Democratic transition

Published: March 25, 2013
The writer is professor of political science at LUMS

The writer is professor of political science at LUMS

In a country where four military generals tossed the Constitution in the dustbin and ran the country by twisting every rule and violating every democratic norm, a parliament completing its tenure is no ordinary political event. It is a milestone in Pakistan’s democratic journey that four ambitious generals disrupted with impunity. The completion of the tenure marks a new political beginning; a big step towards democratic transition.

What made it possible and what does it mean for the democratic future of the country? Pakistan’s current democratic stability and continuity rests primarily on the national consensus among the political forces of the country. For a constitutional democratic process, elite consensus is the first thing to achieve. Once that has happened, the next steps towards a democratic transition become simpler. Politics and democracy are messy issues — never smooth, orderly or without polarisation or conflict. Resolving them requires agreement on the rules of the game that this consensus among the elite in Pakistan demonstrates.

The second important reason for the successful completion of tenure is the repeated failure of military regimes in addressing structural problems of the country. Actually, all military generals left the political scene in worse conditions — more complex and stubborn legacies than the country had before their rules. The generals fragmented political parties, divided society and used ethnicity and religion to ignite politics of hatred and confrontation. The lessons of their failures have convinced every thinking politician that living with a noisy and clamorous democracy is better than living under the forced calm of military dictators.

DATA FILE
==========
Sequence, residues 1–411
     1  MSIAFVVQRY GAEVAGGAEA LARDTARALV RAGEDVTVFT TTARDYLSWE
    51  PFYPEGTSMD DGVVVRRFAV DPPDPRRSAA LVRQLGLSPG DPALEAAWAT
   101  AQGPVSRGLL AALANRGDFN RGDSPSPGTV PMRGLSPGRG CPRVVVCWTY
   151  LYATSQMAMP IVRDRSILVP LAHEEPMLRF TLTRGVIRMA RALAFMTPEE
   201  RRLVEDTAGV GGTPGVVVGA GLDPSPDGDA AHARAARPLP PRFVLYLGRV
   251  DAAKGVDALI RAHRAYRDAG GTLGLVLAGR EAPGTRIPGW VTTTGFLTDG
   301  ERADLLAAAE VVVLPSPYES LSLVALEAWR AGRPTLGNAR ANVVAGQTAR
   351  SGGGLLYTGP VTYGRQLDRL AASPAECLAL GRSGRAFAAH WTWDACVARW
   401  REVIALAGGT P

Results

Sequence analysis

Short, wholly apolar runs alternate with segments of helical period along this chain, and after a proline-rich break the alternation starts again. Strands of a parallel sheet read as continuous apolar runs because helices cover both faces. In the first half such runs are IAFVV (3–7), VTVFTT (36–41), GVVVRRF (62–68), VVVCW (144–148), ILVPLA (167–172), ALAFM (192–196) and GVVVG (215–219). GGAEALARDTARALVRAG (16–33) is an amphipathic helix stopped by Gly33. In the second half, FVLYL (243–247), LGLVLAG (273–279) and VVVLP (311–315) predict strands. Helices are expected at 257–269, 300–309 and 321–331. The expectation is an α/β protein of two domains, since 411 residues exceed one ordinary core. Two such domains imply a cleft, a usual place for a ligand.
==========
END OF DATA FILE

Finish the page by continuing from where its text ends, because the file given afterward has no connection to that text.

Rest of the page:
Third, the people of Pakistan — the real people at the grassroots level — are more comfortable with their elected leaders than with those who are imposed from above. People have demands at the local level. They want development projects like natural gas, power lines, roads, sewerage systems and roads. Every member of the assembly will tell you what kind of pressure he or she faces when he or she is in the constituency. These are basic needs that urban folks take for granted. Even during the brief periods of democratic rule in the past, political bonds were strengthened between the electorate and the elected representatives through grassroots politics. Starting with post-1985 elections, rural development and greater allocation of funds have become constituency-driven political norms. With the villages of Pakistan developing, though at a much slower pace than they could have been, the urban-rural divide is narrowing. Over time, development-oriented or patronage politics has introduced democracy at the grassroots level by creating a demand-response nexus. Failure to address local problems means electoral failure and compelling the next elected member to do better.

The democratic practice also educates people politically. They learn about leaders — their character, qualities, faults, promise and failures. They also recognise political parties through their programmes and ideological labels and judge them all by their performance. Political knowledge at the grassroots level about national or even provincial politics is lower than at the level of the constituency. For this reason, the single most important determinant of voting is the relationship between the voter and the candidate. Change towards party-centred blocs is a slow process but it is taking place. Reaching this milestone means a lot for the future of democracy.